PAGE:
Cancer survivors share heroic tales

Carol-Lynn Ford, from Muizenberg, recently diagnosed with cancer and her mother, Lorna Ford, from Steenberg.

“Choose to live” is the message cancer survivors and their carers took home after a morning of being inspired at the 17th annual Cancer Survivors’ Day, at Kirstenbosch National Botanical Garden on Saturday September 9.

Cancercare Rondebosch first hosted the event in 2000 to inspire those living with the disease.

Speaking at the event, student Sebastian Matheson, 25, from Constantia, said that when he was diagnosed with Ewing’s sarcoma in 2013 he never thought he would be captain of his rugby team at Bishops Diocesan College and writing exams the one week and in hospital fighting for his life, the next.

Ewing’s sarcoma is a very rare type of cancerous tumour that grows in bones or soft tissue around the bones, such as cartilage or nerves. It usually affects people between the ages of 10 and 20 and has a high cure rate.

Mr Matheson has been clear of the disease for more than three years.

“Take each day at a time is a phrase I never understood and found quite cheesy,” he said, “but it taught me to focus on the now.”

Facing months of chemotherapy, hospitalisation and terrible medical procedures had made him appreciate life and find “a little bit of light in the darkness”.

“Yes, it is happening to me but it is not happening to anyone I love. Yes, I had cancer, but I knew I could and would beat my cancer,” he said.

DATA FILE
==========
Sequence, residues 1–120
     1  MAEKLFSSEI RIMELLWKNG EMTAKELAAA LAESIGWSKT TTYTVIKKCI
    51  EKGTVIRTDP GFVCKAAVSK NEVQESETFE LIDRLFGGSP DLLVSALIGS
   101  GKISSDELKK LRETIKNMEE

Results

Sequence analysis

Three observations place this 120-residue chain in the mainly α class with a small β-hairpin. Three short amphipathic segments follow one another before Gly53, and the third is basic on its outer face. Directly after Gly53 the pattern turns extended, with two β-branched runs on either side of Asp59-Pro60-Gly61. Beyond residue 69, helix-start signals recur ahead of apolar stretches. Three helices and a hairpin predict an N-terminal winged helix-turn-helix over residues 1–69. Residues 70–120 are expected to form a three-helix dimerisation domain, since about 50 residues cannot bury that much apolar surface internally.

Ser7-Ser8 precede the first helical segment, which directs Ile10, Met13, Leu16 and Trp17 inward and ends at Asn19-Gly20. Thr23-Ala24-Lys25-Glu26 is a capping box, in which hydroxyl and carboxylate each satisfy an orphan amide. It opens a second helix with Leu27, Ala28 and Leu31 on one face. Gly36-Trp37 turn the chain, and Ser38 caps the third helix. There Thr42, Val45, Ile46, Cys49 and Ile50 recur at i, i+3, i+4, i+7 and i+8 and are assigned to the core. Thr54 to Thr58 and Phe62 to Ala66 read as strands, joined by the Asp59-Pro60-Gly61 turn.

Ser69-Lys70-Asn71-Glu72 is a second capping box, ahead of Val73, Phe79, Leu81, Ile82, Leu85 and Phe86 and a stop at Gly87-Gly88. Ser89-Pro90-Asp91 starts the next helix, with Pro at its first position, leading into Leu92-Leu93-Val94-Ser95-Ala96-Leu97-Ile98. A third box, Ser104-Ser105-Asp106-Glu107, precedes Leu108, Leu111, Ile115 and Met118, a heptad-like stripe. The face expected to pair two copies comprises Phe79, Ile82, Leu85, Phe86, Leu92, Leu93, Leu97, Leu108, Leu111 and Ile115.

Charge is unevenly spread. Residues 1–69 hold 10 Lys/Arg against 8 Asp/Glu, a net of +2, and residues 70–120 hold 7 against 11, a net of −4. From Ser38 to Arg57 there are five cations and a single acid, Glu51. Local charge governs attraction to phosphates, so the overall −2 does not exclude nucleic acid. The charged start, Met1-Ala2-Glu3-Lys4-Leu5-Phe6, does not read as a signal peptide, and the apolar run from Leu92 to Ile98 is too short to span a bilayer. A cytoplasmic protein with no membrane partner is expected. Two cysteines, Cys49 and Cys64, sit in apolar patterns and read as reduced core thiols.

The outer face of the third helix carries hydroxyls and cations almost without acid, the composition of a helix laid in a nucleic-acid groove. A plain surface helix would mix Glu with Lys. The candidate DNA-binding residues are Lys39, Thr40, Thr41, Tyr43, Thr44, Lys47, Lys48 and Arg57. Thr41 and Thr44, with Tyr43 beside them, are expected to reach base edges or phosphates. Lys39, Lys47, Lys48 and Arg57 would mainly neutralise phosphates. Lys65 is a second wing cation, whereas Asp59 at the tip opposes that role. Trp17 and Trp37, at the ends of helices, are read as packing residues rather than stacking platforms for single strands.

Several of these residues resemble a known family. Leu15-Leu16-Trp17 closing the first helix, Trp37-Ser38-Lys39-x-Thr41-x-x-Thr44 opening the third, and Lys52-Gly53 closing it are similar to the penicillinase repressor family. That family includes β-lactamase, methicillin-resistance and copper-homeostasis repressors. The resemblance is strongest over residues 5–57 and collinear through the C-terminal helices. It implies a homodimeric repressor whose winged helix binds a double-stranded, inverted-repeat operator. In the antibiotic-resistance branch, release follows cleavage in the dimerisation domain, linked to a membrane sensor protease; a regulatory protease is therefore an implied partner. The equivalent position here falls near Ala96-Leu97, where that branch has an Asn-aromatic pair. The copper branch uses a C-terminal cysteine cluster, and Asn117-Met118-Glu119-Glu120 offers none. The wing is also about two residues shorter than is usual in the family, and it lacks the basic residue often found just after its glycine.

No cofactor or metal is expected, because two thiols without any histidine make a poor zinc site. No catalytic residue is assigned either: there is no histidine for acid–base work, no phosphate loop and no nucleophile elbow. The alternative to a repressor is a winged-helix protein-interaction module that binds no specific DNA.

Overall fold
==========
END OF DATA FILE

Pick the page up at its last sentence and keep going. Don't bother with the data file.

He said there were people who had been through much worse and he realised that it was important to live your life to the full because it could change in a second.

“I’m on borrowed time. Every day I live another day I wasn’t supposed to,” he said. “I now wake up not in another hospital bed. I’m still here.”

Mr Matheson said everyone had their own inspirational story.

“It all depends on how and how long I live my life. To inspire. To do better. To be better. To live with urgency and be happy,” he said.

Linda Greeff, oncology social worker for Cancercare Rondebosch, said the goal was to acknowledge patients on treatment and to recognise their cancer journey.

“It is also a chance for us to raise awareness around the fact that this illness can be treated and that people can live long and productive lives with cancer,” she said.

The day was a celebration of life. “Being around other cancer survivors inspires and motivates people. From the moment you receive your diagnosis, you are a survivor and this day is for you,” she said.

Attendees lit candles in memory of those who had died, were on treatment or had been diagnosed recently with cancer.